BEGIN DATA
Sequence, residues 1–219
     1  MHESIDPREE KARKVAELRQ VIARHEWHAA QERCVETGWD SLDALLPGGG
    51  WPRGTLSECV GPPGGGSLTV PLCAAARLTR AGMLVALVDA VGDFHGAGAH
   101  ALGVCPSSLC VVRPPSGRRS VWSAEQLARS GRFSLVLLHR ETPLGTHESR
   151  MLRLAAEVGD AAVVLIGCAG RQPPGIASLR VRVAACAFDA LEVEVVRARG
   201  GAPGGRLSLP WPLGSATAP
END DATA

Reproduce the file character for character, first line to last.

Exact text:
Sequence, residues 1–219
     1  MHESIDPREE KARKVAELRQ VIARHEWHAA QERCVETGWD SLDALLPGGG
    51  WPRGTLSECV GPPGGGSLTV PLCAAARLTR AGMLVALVDA VGDFHGAGAH
   101  ALGVCPSSLC VVRPPSGRRS VWSAEQLARS GRFSLVLLHR ETPLGTHESR
   151  MLRLAAEVGD AAVVLIGCAG RQPPGIASLR VRVAACAFDA LEVEVVRARG
   201  GAPGGRLSLP WPLGSATAP